In Minnesota, it’s not uncommon for separated and divorcing parents to be court-ordered to attend parenting classes during a divorce or custody case. Although parents don’t need a court order to attend these classes, the law requires some parents to participate. (Minnesota Statutes, Section 518.157). Unfortunately, most parents (reasonably so) aren’t aware of the requirement until they’re staring at an intimidating parent education order from a judge. With an introduction like this, it’s no wonder why most parents’ initial reaction is a combination of anxiety, annoyance and frustration.
Here are 8 tips to help you navigate court-ordered parenting classes and avoid some common costly mistakes.
8 Tips for Court-Ordered Parenting Classes
Tip # 1 : Make the Most of It
These parenting classes were developed to meet the needs and concerns of separated and divorcing parents. Therefore, the class topics should be relevant, the information should be useful, and the skills should be applicable.
In fact, most parents tell us that these parenting classes are helpful. However, like most things in life, “You get out, What you put in.” Therefore, to get the most from the experience, be an active student.
Being an active student throughout the entire process will help you get the most out of the experience. Before enrolling in a program, identify issues and concerns you have. Then, compare class outlines to determine if such topics are covered. Doing so, will help you select a program that’s right for you.
During the program, engage in class discussion, take notes and ask questions. After the program, apply the skills you learned when working with the other parent. Incorporate the knowledge you gained when you’re developing your parenting plan, divorce decree, custody arrangement, and/or child support order.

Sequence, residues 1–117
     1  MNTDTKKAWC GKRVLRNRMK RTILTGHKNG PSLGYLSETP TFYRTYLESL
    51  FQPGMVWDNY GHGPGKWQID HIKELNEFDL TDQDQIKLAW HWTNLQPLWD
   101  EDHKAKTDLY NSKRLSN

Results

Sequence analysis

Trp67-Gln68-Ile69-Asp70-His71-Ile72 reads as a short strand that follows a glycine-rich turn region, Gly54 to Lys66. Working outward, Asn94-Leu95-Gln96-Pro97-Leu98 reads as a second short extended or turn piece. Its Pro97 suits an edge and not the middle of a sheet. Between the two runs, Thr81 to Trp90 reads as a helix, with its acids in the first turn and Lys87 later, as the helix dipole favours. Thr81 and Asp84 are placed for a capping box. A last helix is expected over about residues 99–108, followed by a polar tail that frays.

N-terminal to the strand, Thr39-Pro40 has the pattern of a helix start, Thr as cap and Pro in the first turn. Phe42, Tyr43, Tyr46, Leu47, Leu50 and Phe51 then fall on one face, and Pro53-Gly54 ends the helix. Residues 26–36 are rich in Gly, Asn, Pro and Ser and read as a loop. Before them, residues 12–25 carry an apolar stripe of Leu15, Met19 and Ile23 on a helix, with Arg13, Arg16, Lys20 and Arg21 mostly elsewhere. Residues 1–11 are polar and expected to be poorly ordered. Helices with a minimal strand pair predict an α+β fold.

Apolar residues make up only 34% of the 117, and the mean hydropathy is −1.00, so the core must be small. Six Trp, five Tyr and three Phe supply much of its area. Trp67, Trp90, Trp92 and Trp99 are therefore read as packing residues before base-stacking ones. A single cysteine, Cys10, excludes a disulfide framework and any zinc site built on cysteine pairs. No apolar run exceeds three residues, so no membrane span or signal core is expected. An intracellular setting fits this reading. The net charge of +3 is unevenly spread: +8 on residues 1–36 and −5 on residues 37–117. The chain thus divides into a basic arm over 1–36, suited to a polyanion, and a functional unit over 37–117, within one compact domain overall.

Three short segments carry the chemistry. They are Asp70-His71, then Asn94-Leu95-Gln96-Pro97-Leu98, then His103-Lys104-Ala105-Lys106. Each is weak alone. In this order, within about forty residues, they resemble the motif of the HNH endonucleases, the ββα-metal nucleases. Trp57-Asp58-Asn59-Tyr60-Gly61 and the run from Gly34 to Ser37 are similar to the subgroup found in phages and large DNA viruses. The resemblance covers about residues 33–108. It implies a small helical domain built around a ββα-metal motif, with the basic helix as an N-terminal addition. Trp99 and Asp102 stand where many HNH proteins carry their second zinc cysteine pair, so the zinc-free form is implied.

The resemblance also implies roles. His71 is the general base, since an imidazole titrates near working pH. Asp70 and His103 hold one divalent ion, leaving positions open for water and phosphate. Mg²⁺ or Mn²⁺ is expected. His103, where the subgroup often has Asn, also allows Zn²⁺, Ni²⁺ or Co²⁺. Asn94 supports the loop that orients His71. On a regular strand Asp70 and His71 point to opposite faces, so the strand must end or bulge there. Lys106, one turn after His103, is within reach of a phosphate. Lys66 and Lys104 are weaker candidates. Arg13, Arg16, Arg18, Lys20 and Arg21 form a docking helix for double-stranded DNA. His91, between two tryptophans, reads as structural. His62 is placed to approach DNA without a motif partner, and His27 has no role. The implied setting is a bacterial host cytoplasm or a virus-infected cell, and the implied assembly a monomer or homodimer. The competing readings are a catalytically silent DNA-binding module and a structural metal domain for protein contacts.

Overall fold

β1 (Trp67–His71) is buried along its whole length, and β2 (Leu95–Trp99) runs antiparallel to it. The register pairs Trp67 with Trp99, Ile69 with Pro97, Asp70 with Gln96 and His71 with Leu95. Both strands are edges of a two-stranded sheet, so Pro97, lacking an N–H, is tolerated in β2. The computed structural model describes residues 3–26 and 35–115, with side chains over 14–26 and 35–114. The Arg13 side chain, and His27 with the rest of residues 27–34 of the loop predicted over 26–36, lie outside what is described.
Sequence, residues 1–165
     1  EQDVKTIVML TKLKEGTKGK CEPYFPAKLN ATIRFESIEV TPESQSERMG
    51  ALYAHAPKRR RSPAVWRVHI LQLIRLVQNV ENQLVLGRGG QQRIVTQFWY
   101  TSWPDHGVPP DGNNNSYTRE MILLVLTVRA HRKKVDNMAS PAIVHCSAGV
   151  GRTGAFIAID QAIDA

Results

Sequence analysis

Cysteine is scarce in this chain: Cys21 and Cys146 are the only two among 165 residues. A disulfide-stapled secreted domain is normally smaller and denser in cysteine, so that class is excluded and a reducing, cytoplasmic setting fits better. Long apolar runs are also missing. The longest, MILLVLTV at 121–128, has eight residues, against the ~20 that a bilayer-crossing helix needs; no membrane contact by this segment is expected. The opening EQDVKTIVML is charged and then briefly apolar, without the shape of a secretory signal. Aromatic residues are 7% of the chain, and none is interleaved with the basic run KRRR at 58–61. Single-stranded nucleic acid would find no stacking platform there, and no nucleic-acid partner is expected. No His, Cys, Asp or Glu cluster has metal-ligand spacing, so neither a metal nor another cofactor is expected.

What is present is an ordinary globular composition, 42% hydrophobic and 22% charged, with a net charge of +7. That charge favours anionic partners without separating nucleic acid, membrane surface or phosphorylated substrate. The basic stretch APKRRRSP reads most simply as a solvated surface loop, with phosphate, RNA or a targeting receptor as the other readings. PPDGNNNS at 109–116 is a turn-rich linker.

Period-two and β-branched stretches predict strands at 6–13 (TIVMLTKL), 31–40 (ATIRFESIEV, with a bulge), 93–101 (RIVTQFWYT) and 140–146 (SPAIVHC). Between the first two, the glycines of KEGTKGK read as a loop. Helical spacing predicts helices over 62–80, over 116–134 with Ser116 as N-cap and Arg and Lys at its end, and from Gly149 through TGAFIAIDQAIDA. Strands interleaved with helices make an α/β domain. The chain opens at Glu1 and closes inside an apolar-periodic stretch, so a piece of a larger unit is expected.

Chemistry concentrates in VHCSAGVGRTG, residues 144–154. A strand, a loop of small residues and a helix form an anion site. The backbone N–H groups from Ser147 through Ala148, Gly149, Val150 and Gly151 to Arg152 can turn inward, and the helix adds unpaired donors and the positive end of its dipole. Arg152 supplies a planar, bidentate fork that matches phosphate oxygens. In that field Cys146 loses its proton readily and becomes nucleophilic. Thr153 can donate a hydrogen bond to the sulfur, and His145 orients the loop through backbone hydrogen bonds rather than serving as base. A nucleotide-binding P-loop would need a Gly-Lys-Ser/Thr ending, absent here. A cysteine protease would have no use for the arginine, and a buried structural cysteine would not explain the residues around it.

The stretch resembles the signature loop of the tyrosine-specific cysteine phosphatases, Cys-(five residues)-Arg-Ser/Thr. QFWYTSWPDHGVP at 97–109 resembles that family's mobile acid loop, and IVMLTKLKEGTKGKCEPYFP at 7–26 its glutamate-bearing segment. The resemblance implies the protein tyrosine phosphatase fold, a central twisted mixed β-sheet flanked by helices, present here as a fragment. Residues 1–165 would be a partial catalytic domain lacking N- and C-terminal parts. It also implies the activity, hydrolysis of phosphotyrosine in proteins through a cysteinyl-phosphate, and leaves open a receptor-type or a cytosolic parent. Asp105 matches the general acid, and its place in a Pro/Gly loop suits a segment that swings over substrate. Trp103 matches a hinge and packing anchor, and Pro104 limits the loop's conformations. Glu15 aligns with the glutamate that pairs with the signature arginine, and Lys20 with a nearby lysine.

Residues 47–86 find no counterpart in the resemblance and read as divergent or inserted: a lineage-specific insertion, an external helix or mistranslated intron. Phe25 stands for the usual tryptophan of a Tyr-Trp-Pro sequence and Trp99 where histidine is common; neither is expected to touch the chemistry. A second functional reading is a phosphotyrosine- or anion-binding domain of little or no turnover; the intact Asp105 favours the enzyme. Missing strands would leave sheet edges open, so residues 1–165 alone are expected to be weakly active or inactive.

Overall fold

Lastly, continue reading the rest of these tips. Not only will these tips help you make the most of your experience, but they’ll decrease stress and prepare you for what’s ahead.
Tip # 2: Know Your Rights
However, with that being said, it’s hard to “make the most of it” if you fear for your privacy and/or safety during the class. Therefore, it helps to know your rights when you’ve been court-ordered to take parenting classes.
First and foremost, unless both parties agree in writing, statements made during participation in a parent education program can’t be used later as evidence, for any reason.
In addition, class instructors can’t:
- Disclose information learned about either party because of his/her class participation;
- Make a record regarding a party’s participation (except a record of attendance and completion of the program); or
- Be subpoenaed or called as a witness. (Minnesota Statutes, Section 518.157, Subdivision 5).
Lastly, if domestic abuse in the past or present is alleged, you can’t be forced to attend the same co-parenting session as the other party. Instead, the court must establish an order that allows the parties to safely participate in a parent education program. (Minnesota Statutes, Section 518.157, Subdivision 3).
NOTE: Some parent education programs such as, the Parents Forever Program (through an extension of the University of Minnesota), require the parties to attend separate classes to minimize disruption and increase participation.
Therefore, even if your court order doesn’t prohibit the other parent from attending the same session as you (or visa versa), the parent education program that you select may. Keep this in mind when you’re selecting and scheduling your parenting classes.